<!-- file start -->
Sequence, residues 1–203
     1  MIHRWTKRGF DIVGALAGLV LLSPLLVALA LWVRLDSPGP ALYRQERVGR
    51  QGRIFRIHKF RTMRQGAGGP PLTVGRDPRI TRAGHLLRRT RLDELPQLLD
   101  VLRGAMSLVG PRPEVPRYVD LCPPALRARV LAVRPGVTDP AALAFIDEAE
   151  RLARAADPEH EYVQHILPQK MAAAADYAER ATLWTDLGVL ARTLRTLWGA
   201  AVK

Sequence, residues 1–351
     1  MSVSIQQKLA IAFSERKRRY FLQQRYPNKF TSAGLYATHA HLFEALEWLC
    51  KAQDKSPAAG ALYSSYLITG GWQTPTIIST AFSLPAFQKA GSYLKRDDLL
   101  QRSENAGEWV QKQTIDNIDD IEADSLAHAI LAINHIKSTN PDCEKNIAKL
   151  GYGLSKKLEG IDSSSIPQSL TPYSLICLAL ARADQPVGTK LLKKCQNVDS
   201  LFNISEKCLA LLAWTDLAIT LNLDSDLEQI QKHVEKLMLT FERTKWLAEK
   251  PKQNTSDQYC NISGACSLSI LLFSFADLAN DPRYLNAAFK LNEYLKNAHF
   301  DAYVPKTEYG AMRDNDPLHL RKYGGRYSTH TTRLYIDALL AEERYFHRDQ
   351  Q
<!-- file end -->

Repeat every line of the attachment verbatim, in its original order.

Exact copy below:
Sequence, residues 1–203
     1  MIHRWTKRGF DIVGALAGLV LLSPLLVALA LWVRLDSPGP ALYRQERVGR
    51  QGRIFRIHKF RTMRQGAGGP PLTVGRDPRI TRAGHLLRRT RLDELPQLLD
   101  VLRGAMSLVG PRPEVPRYVD LCPPALRARV LAVRPGVTDP AALAFIDEAE
   151  RLARAADPEH EYVQHILPQK MAAAADYAER ATLWTDLGVL ARTLRTLWGA
   201  AVK

Sequence, residues 1–351
     1  MSVSIQQKLA IAFSERKRRY FLQQRYPNKF TSAGLYATHA HLFEALEWLC
    51  KAQDKSPAAG ALYSSYLITG GWQTPTIIST AFSLPAFQKA GSYLKRDDLL
   101  QRSENAGEWV QKQTIDNIDD IEADSLAHAI LAINHIKSTN PDCEKNIAKL
   151  GYGLSKKLEG IDSSSIPQSL TPYSLICLAL ARADQPVGTK LLKKCQNVDS
   201  LFNISEKCLA LLAWTDLAIT LNLDSDLEQI QKHVEKLMLT FERTKWLAEK
   251  PKQNTSDQYC NISGACSLSI LLFSFADLAN DPRYLNAAFK LNEYLKNAHF
   301  DAYVPKTEYG AMRDNDPLHL RKYGGRYSTH TTRLYIDALL AEERYFHRDQ
   351  Q